Modern continues to be a popular format, and as players continue to discover the format, cards from the past are returning to prominence. Today, we’re going to be looking at Spellskite, a card that’s been printed fairly recently, but is still generating a lot of questions. So let’s take a look at it.
Spellskite in General
Spellskite’s ability can target any spell or ability, not just a spell or ability with a target. So you can legally play the ability targeting something like a Supreme Verdict, it just won’t do anything when it resolves because Supreme Verdict doesn’t target anything.
The target can only be changed if Spellskite is a legal target for the spell or ability. For instance, you could use Spellskite’s ability targeting Go for the Throat, but when Spellskite’s ability resolves, the target will not be changed, because Spellskite is not a legal target for Go for the Throat.
This also means that if Spellskite has hexproof or protection from the relevant color, you won’t be able to change the target of the spell or ability either, since Spellskite would not be a legal target for it.
Spellskite and Equipment
You can activate Spellskite’s ability targeting an opponent’s equip ability. However, the equip ability has a restriction of only being able to target a creature you control. So if your opponent activates the equip ability of their Batterskull, you can activate Spellskite’s ability targeting the ability. But when the ability resolves, since your Spellskite is not a legal target for the ability, the ability will do nothing and the target for the ability will remain unchanged.
Using the attach ability of a card like Cranial Plating works the same way. The Plating’s attach ability can only target a creature you control, so if your opponent activates the attach ability of the Plating, Spellskite can’t change the target of the attach ability to Spellskite.
Spellskite and Auras
I do have some good news regarding auras, however. An aura spell on the stack targets, so you can use Spellskite’s ability on an aura like Splinter Twin to change the target of the Twin to your Spellskite, rather than your opponent’s creature.. Note that auras only target while they’re on the stack. They don’t target anything while they’re on the battlefield, so you can’t move an aura that’s already on the battlefield with Spellskite’s ability.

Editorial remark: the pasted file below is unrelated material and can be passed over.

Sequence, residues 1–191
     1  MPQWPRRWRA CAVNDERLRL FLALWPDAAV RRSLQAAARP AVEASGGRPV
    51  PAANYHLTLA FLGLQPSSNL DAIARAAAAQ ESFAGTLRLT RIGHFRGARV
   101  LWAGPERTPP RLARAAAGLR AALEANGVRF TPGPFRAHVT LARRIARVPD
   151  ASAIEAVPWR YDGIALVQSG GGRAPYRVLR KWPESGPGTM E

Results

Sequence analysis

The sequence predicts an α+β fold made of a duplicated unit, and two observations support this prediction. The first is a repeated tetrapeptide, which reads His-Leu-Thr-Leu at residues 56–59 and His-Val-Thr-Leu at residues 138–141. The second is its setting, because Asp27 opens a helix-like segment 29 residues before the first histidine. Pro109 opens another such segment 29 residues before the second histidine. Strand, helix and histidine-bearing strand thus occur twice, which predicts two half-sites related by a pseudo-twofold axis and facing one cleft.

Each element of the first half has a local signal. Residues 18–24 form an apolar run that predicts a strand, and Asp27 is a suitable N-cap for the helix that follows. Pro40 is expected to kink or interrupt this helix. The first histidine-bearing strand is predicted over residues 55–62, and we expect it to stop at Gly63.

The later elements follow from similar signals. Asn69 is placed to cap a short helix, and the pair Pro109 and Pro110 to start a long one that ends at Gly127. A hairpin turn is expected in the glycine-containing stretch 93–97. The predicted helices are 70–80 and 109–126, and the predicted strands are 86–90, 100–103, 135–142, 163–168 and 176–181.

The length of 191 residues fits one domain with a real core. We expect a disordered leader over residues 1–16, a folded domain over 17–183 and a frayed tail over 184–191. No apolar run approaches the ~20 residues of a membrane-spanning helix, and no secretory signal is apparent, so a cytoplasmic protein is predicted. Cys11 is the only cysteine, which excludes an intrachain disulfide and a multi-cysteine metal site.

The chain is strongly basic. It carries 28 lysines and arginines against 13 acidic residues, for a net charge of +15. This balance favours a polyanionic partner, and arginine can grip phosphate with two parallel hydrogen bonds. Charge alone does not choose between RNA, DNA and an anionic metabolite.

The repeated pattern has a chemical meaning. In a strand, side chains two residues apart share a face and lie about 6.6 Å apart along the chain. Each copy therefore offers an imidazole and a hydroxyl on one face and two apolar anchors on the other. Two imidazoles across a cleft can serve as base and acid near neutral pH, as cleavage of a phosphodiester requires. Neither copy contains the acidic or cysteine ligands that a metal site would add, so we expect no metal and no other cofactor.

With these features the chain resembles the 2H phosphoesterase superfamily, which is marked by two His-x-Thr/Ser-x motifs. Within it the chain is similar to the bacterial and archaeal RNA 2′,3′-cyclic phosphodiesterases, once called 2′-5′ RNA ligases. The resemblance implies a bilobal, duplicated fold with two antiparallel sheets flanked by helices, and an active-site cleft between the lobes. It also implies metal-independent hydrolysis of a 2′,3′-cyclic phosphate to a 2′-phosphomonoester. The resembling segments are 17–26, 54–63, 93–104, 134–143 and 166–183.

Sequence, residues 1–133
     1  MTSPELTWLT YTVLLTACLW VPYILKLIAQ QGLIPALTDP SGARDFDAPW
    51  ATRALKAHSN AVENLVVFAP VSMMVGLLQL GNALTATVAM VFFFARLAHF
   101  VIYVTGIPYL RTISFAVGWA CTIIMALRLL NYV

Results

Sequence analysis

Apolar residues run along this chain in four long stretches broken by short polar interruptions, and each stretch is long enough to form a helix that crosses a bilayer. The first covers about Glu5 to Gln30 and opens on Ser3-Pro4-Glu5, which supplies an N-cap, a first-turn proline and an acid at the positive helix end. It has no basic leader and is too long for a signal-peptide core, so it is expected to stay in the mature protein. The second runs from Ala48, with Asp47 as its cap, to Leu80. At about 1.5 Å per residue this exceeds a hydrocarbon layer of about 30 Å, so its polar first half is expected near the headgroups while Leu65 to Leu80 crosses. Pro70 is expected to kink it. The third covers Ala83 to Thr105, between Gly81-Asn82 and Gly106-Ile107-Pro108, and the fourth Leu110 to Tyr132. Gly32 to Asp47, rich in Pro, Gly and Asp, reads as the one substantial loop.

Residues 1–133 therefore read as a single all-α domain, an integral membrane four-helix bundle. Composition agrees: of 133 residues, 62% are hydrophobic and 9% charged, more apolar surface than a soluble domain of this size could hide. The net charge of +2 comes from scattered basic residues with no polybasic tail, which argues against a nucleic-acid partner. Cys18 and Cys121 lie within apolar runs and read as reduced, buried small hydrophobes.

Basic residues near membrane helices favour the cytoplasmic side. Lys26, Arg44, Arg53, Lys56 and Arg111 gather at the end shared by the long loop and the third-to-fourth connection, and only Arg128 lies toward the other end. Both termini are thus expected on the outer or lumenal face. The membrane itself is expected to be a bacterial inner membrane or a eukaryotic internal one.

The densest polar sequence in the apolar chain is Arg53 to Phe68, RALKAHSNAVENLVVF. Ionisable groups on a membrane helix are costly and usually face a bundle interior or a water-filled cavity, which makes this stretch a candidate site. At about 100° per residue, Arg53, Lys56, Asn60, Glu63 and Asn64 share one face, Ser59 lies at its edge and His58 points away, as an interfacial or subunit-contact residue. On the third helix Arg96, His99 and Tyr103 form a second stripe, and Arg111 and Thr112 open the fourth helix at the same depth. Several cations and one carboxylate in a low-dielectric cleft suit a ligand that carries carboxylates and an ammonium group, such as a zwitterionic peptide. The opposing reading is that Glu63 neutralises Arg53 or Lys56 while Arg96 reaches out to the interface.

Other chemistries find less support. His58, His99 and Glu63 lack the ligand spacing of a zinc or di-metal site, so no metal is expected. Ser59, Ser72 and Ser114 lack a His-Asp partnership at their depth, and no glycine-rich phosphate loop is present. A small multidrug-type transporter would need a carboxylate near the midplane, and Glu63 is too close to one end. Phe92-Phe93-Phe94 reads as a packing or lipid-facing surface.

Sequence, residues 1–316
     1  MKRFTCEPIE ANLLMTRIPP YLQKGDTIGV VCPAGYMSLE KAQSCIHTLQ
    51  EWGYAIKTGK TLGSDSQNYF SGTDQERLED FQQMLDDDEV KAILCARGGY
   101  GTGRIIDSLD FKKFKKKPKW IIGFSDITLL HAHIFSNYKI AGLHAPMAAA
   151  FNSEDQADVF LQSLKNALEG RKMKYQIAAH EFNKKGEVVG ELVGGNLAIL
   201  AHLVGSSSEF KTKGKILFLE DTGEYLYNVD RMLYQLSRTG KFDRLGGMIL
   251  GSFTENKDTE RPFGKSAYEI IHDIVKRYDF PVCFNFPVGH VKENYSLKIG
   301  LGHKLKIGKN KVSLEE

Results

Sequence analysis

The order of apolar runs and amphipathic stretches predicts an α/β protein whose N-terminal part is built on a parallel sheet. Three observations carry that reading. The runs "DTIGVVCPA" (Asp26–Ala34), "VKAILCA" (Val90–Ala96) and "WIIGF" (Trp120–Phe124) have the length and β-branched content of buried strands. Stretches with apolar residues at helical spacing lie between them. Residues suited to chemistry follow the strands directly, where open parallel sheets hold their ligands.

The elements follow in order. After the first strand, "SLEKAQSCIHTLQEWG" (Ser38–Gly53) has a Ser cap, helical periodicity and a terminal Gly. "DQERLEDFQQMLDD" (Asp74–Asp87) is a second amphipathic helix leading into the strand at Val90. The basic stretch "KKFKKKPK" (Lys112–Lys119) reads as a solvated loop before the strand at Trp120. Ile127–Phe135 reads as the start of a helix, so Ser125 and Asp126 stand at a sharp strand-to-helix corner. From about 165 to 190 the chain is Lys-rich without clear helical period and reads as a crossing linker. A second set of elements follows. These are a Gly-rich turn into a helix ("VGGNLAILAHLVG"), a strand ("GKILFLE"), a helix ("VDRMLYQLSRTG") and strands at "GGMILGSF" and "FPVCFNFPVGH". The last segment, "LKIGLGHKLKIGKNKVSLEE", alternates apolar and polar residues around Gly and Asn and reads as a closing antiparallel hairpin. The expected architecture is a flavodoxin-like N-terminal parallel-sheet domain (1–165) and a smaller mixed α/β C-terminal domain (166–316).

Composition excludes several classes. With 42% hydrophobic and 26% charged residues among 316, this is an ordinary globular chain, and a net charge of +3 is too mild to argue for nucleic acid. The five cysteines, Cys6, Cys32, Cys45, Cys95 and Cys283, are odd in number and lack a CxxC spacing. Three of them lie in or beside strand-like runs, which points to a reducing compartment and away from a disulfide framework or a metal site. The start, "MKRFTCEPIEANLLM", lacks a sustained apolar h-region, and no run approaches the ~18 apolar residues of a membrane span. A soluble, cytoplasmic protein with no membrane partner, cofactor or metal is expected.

Daybreak Coronet deserves a special mention here. The Coronet can only be attached to a creature that already has an aura attached to it. So for Spellskite to be a legal target for the Coronet, Spellskite must already have an aura attached to it. Activating the ability if Spellskite has no auras attached to it just means that the target for the Coronet will not be changed.
Spellskite and Multiple Target Spells
Spellskite interacts interestingly with spells with multiple targets that could target Spellskite. For instance, let’s look at Electrolyze. If Electrolyze has only one target, you can use Spellskite to change the target of it to Spellskite. But if Electrolyze has two targets, you can only change one of the two targets to Spellskite. An Electrolyze cast this way has two targets. You cannot target the same creature or player more than once. So you can change one of the targets to Spellskite, but you won’t be able to change the other target to the same Spellskite, since Electrolyze is already targeting Spellskite.
This also means that you can cast Electrolyze targeting Spellskite and something else, and your opponent won’t be able to change the other target of Electrolyze to Spellskite. It’s a sneaky way of ensuring that you can kill an opponent’s Noble Hierarch, even if they have a Spellskite on the board.
Let’s say your opponent casts Kolaghan’s Command, choosing the third and fourth modes. Since the Command uses the word ‘target’ twice, that means that the Command can target the same thing multiple times. You can change both targets of the Command to Spellskite to protect your other artifacts and/or creatures. This is different from Electrolyze, since Electrolyze uses the word ‘target’ once.
For instance, if the Command is cast with “destroy target artifact” targeting Spellskite and “deal 2 damage to target creature or player” targeting a Kitchen Finks, you can use Spellskite to change the target from the Finks to the Spellskite, resulting in the Command targeting Spellskite with both modes. It even works just fine if Spellskite isn’t targeted at all: you just need to activate Spellskite’s ability twice to change both targets of the Command to Spellskite.
Spellskite and the Splinter Twin Deck
The Splinter Twin deck (which runs Kiki-Jiki, Mirror Breaker and Splinter Twin in hopes of making a large number of Pestermite, Deceiver Exarch, or Restoration Angel tokens and attacking with them) has quite a few cards it can run, and Spellskite can interfere with some of the combo pieces but not other parts. So let’s look at each piece and see if Spellskite can interfere with it.
We established above that Spellskite can steal Splinter Twin while it’s on the stack, but it wont’ work against Kiki-Jiki, Mirror Breaker’s ability. Kiki-Jiki’s ability can only target a nonlegendary creature you control, so you can’t use Spellskite on Kiki-Jiki’s ability.
Let’s look at the other half of the combo. Pestermite‘s ability can target any permanent, so you can use Spellskite to redirect Pestermite’s trigger to Spellskite. But it won’t work against Deceiver Exarch’s or Restoration Angel’s triggered ability. The Angel’s ability and the Exarch’s untap ability can only target a permanent you control (just like Kiki-Jiki’s ability), so Spellskite cannot change the target of them.
Hopefully, you’ve learned a thing or two about how Spellskite works and what it can and cannot affect. Join me next time, when I talk about another popular Modern card, Valakut, the Molten Pinnacle.
DCI Level 2 Judge